The Covid-19 pandemic struck the Caribbean at the height of high season, when snow birds, primarily from the United States, pack the beaches for winter and spring break, and provide the revenue to see resorts and sometimes entire countries through the lull of summer and fall.
But in recent years, islands like Puerto Rico and the Bahamas have developed a strong summer business, fueled by bargain seekers, adventure travelers and families.
Now, as the region begins to reopen to international travelers, it faces not just the challenge of the pandemic, but the financial blow dealt by the absence of cruising and the onset of hurricane season.
Excluding Guyana, the Caribbean economy is expected to contract by 3 percent in 2020, according to the World Bank.
“We’re not fooling ourselves. We fully expect to see a slow return of travel,” said Frank Comito, the chief executive and director general of the Caribbean Hotel & Tourism Association, which represents 33 national hotel associations in the region. “We expect those that do open up in the coming months will take some time to see hotel occupancy levels even approach 50 percent.”
As countries reopen, most are mandating face masks indoors and social distancing.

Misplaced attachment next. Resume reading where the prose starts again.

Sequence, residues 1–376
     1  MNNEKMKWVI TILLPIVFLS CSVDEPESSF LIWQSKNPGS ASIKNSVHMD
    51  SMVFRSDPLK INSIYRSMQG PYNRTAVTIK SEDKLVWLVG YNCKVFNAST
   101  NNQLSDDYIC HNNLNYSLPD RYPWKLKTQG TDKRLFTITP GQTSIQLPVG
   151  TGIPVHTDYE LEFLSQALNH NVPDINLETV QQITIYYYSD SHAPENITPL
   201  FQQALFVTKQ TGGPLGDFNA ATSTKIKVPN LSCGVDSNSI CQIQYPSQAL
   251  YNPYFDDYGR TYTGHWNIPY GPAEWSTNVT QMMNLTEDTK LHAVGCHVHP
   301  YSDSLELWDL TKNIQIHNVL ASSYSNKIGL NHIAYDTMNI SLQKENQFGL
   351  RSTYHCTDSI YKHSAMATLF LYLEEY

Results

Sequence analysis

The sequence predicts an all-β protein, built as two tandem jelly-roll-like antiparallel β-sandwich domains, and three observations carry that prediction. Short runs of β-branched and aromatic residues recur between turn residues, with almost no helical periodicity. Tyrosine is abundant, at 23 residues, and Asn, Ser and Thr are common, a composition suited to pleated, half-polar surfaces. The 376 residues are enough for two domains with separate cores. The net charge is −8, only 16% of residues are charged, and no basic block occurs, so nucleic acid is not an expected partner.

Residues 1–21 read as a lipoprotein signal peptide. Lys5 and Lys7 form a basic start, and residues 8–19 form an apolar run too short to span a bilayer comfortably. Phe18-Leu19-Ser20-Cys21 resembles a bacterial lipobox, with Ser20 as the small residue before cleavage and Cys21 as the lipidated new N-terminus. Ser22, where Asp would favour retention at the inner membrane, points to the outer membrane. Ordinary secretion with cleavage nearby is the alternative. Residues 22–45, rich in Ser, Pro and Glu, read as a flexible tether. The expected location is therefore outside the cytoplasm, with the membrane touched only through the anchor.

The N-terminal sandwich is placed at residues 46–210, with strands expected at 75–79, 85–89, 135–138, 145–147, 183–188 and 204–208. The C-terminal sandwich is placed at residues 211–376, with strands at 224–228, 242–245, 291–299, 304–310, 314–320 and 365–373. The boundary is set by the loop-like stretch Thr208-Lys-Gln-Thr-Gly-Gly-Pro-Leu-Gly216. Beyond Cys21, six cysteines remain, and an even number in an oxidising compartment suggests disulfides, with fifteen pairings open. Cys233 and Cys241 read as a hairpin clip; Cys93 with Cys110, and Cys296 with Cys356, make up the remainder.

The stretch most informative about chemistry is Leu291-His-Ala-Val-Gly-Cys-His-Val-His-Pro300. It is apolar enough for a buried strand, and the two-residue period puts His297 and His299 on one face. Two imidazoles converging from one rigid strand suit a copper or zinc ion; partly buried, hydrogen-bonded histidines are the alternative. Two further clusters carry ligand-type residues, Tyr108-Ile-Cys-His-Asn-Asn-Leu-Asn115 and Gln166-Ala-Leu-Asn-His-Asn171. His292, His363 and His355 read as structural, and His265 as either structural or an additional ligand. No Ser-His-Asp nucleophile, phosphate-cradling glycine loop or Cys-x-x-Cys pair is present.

Other restrictions vary widely. Aruba will reopen to Canadians, Europeans and most Caribbean nationals on July 1, and to visitors from the United States on July 10. St. Maarten has announced its airport will reopen July 1 as long as Covid-19 cases remain at zero. The Cayman Islands, a nation much less reliant on tourism (about 30 percent of its economy) compared to many of its neighbors, will wait until September. St. Barts is among several islands requiring a negative Covid-19 test of arrivals or offering one on the spot (for 155 euros, or about $175). Bonaire and Curacao will reopen July 1, to some Europeans.
“The U.S.A. is not part of this reopening phase due to the fact that it is still considered high risk,” according to a letter from Bonaire tourism to its travel partners.
As governments have clarified their policies, airlines, including American, Delta, JetBlue and Southwest, plan to resume service to many Caribbean destinations in July.
When they do, they’ll be flying into a hurricane season that the National Oceanic and Atmospheric Administration predicted could be above normal. In May, it forecast 13 to 19 named storms, including three to six major hurricanes at Category 3 and above.
The region has been experiencing above-normal storm levels since 1995 because of warmer ocean temperatures, weaker trade winds and other factors.
Caribbean nations, perennially watchful, hope to salvage a summer season before the peak of storm season in September.
“We’re hoping to get going June, July and August to give the economy an injection we need and then hopefully get through hurricane season,” said Joseph Boschulte, the commissioner of tourism for the United States Virgin Islands.
The following are plans for five island destinations reopening now.
On July 1, the Bahamas plans to enter Phase 2 of its reopening, welcoming overseas visitors. Travelers age 2 and older must present a negative Covid-19 test taken within 10 days of arrival. They must also submit an electronic health visa that asks questions, including where they have traveled in the last six weeks, and receive clearance to travel.